Third, the fact that the Supreme Court has not squarely addressed a situation involving a counsel's deficient performance during closing arguments of the mitigation phase of a trial or the specific type of instruction given here does not preclude this Court's finding that the state court unreasonably applied federal law. Indeed, as the Supreme Court recently noted in Panetti v. Quarterman, 551 U.S. ----, 127 S.Ct. 2842, 168 L.Ed.2d 662 (2007), “AEDPA does not ‘require state and federal courts to wait for some nearly identical factual pattern before a legal rule must be applied.’ ”  Id. at 2858 (quoting Musladin, 127 S.Ct. at 656 (Kennedy, J., concurring)).   Accordingly, we may find the application of a principle of federal law unreasonable despite the “involve[ment of] a set of facts ‘different from those of the case in which the principle was announced.’ ”  Id. (quoting Lockyer v. Andrade, 538 U.S. 63, 76, 123 S.Ct. 1166, 155 L.Ed.2d 144 (2003));  see also Smith v. Patrick, 508 F.3d 1256, 1259 (9th Cir.2007) ( “Habeas relief is appropriate under the ‘unreasonable application’ prong of section 2254(d)(1) when a state court violates the principle of clearly established federal law that has been determined by the Supreme Court ․”) (emphasis original).   Thus, this Court's holding in Spisak was consistent with the mandate of AEDPA that federal courts are not to disturb state court determinations unless the decision was “contrary to, or involved an unreasonable application of, clearly established Federal law as determined by the Supreme Court of the United States.”  28 U.S.C. § 2254(d)(1).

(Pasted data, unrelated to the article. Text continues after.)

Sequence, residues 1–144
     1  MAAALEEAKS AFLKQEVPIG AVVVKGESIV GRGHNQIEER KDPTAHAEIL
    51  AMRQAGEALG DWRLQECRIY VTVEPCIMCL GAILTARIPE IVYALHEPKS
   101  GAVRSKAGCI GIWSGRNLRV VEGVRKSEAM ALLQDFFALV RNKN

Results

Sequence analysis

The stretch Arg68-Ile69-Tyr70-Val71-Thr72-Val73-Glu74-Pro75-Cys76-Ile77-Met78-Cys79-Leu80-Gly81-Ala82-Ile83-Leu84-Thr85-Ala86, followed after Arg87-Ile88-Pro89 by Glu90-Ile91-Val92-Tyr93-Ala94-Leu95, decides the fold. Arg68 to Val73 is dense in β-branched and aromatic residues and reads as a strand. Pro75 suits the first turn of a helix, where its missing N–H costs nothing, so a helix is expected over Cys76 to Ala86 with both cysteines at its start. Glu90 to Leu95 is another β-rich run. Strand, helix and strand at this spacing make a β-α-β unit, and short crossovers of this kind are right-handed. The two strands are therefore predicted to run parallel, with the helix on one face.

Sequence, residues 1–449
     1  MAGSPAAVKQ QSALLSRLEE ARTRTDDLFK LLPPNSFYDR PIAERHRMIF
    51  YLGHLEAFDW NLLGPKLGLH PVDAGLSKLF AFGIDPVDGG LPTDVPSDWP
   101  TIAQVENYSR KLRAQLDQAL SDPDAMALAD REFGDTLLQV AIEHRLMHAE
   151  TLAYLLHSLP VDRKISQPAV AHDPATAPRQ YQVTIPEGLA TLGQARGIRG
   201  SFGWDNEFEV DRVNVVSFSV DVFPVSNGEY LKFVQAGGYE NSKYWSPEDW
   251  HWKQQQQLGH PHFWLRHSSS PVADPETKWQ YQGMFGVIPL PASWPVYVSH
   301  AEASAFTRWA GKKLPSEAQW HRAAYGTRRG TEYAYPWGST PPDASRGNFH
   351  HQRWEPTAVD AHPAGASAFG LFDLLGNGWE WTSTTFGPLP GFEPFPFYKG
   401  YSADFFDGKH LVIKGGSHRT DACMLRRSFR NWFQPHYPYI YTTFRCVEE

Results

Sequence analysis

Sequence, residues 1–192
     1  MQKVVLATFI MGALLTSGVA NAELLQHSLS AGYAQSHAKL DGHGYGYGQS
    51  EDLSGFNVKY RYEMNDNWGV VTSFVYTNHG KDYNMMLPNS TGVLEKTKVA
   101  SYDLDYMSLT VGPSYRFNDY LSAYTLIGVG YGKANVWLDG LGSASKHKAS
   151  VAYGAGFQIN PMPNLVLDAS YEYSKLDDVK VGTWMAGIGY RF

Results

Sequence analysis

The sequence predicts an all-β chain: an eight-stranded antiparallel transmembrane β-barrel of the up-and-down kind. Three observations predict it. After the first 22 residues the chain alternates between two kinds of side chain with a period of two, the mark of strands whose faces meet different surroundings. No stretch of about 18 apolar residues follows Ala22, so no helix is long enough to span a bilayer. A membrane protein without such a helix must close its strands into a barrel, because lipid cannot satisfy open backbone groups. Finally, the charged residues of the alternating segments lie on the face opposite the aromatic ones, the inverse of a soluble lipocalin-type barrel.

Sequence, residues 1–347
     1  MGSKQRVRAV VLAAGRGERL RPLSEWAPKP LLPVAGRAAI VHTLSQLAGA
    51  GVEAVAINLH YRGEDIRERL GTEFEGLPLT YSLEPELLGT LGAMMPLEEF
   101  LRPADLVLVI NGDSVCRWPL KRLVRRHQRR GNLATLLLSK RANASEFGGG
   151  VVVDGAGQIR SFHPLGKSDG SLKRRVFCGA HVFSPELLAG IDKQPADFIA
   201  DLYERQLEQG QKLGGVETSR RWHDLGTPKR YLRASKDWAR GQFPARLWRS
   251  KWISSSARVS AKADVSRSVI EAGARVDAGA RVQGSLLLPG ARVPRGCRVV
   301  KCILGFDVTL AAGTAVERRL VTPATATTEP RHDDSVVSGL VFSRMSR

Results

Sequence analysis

In Schriro v. Landrigan, the Supreme Court considered whether a habeas petitioner presented a colorable claim of ineffective assistance of counsel.   127 S.Ct. at 1937.   In Landrigan, the petitioner alleged that he received ineffective assistance of counsel after his lawyer failed to offer mitigating evidence at sentencing and did not adequately investigate mitigating evidence.  Id. at 1938.   The Supreme Court, however, disagreed.   Applying the Strickland standard, the Court found that defense counsel's performance was neither deficient nor did it prejudice the petitioner.  Id. at 1944.   The Court found that the petitioner could not demonstrate that his counsel was deficient in failing to offer mitigating evidence at sentencing because the petitioner:  (1) prohibited mitigation witnesses from testifying regarding his difficult upbringing and family history of substance abuse;  (2) told the trial judge that no mitigating evidence existed;  and (3) interfered with the presentation of mitigation evidence.  Id. at 1941-42.   The petitioner even told the sentencing court “I think if you want to give me the death penalty, just bring it right on.   I'm ready for it.”  Id. at 1943.   Additionally, the Court found that the petitioner could not demonstrate prejudice as a result of defense counsel's failure to further investigate mitigating evidence. The Court noted that the mitigating evidence that would have been discovered was “weak” in comparison to the overwhelming aggravating evidence and duplicative of the evidence that the petitioner had instructed counsel not to introduce regarding his family history.  Id. at 1944.   Consequently, the petitioner was denied habeas relief as he could not make out a colorable claim of ineffective assistance of counsel.